Fortunately, she is doing good. The landlord allowed her and her boyfriend to stay in the Airbnb apartment for a longer time, and she  was able to continue her internship working remotely until it officially ended. “We are doing fine and we arrange ourselves to go to the supermarket and stay active. But we don’t have family in Peru anymore, so we cannot stay in the apartment forever,” she stresses. Due to the border closure, their return flight with KLM was cancelled and rebooked for May. However, it is not predictable if the borders will open before. For precaution, they contacted the German Embassy, in order to be part of the repatriation efforts and joined a WhatsApp group with Europeans who are stuck in Peru. “We put our names on a list and the German embassy will contact us when there is space for both of us in a flight. However, we were informed that the participants would have to pay for it and I cannot pay this amount of money, since I already paid the flight with KLM”. Tiaré is self-financing her studies. Paying for the Airbnb and another flight back to Germany are thus costs that she cannot cover. She is also still figuring out how to fly back to Germany in order to be there if classes at the University should start again at some point.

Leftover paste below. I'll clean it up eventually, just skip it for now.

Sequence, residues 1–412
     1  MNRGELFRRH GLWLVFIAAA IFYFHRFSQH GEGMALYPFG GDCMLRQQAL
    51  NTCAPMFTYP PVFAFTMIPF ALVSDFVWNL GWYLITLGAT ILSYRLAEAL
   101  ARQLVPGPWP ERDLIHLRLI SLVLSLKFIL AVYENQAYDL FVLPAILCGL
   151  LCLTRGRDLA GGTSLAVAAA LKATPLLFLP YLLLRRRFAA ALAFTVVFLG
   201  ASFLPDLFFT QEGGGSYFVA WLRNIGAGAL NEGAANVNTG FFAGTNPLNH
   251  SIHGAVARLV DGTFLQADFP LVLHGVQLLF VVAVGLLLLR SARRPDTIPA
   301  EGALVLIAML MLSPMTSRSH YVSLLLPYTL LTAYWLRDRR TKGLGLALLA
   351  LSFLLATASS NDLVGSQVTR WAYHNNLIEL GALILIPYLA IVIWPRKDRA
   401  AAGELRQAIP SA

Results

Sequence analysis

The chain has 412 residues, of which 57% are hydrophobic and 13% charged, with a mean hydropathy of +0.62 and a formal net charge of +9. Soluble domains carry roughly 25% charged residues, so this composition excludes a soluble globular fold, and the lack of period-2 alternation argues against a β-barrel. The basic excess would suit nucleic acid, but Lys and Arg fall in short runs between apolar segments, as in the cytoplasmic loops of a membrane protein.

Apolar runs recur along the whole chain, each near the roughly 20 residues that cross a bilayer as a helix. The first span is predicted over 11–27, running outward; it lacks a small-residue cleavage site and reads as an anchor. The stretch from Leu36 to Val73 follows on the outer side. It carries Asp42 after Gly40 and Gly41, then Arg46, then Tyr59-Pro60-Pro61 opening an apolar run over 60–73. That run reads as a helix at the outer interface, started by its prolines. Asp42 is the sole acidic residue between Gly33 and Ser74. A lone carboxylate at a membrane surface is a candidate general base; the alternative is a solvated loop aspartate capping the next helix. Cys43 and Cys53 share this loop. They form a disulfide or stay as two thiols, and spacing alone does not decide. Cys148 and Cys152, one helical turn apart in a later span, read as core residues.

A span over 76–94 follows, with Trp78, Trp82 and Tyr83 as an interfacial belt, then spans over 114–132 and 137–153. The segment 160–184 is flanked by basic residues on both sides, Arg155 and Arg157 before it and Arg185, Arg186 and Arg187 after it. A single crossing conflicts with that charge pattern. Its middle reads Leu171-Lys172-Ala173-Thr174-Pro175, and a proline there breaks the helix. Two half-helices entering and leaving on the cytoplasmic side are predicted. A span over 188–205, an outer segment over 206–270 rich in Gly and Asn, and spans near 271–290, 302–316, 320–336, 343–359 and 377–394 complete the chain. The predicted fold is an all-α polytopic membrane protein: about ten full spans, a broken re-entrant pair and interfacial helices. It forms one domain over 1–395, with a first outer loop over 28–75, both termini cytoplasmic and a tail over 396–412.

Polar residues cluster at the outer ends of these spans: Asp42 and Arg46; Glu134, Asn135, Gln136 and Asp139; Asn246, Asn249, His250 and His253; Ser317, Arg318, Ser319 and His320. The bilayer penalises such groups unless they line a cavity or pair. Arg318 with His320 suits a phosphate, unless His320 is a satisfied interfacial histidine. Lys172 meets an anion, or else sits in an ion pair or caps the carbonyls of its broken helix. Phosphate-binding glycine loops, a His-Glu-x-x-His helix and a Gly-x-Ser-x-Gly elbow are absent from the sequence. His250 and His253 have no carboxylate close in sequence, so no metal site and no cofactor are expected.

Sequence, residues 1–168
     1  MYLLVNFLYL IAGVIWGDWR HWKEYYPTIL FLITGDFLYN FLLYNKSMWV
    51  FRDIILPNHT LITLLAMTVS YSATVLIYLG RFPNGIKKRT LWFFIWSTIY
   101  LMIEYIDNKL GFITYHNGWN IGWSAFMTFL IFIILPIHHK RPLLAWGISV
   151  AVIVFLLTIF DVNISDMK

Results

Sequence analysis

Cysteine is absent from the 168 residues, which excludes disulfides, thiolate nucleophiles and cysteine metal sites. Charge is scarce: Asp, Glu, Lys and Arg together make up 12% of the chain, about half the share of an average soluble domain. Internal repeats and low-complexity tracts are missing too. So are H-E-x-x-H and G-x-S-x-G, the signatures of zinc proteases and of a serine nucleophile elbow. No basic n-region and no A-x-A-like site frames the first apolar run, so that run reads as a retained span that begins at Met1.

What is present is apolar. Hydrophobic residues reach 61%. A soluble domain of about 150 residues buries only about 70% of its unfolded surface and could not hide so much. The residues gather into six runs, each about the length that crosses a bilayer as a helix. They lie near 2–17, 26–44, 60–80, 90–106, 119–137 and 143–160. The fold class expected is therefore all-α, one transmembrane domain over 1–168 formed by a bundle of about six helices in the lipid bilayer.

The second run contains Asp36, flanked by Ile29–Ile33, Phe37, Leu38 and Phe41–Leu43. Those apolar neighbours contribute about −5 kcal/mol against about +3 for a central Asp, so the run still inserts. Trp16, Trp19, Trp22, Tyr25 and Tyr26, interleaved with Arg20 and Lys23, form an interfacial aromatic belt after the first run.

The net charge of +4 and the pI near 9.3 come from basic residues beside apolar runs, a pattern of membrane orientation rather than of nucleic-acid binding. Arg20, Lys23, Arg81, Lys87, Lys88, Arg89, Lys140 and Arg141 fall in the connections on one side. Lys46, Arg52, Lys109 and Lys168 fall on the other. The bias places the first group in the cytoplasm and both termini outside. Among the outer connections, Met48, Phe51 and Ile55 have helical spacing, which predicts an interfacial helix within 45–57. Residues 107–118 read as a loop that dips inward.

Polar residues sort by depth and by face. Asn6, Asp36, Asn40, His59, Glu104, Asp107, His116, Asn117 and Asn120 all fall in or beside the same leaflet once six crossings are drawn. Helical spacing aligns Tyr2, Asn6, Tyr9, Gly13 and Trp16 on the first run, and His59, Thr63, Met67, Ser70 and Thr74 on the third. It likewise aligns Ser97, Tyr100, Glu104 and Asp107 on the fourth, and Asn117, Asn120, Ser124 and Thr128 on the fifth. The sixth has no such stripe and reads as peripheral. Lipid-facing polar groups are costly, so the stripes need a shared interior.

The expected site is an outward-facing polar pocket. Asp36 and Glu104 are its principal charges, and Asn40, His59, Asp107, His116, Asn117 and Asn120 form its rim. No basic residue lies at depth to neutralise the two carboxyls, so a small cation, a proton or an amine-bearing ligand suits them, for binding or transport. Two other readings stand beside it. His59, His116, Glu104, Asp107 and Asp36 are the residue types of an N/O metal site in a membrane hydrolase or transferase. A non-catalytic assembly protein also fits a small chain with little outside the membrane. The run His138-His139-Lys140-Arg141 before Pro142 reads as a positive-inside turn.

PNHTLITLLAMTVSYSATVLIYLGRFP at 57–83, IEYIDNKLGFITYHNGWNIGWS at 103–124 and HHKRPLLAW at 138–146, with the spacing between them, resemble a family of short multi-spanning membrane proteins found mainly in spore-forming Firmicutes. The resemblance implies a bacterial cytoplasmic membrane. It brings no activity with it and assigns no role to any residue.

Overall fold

Recently, a new measure was implemented in Peru. The movement of citizens is now restricted according to gender. Despite the difficult situation, there was a moment of reckoning from the televised message to the nation: it was the first time that a Peruvian president acknowledged transsexual people by confirming that the movement according to gender will not cause homophobic and transphobic actions. This can be regarded as a small improvement in a country where discrimination is part of the daily life: “Our government is inclusive and every rule is absolutely thinking of all citizens”, said president Martín Vizcarra. The Peruvian government has implemented various necessary measures to keep the virus from spreading and reacted much faster than its neighbor Brazil and even the United States. But the country still has to face many challenges and it remains to be seen how it will tackle them once the virus is gone.

Since this article was written, Tiaré and her boyfriend were able to fly back to Germany on one of the repatriation flights. Peru’s borders, however, will remain shut down until further notice.

Picture: Xavi Lunell, Flickr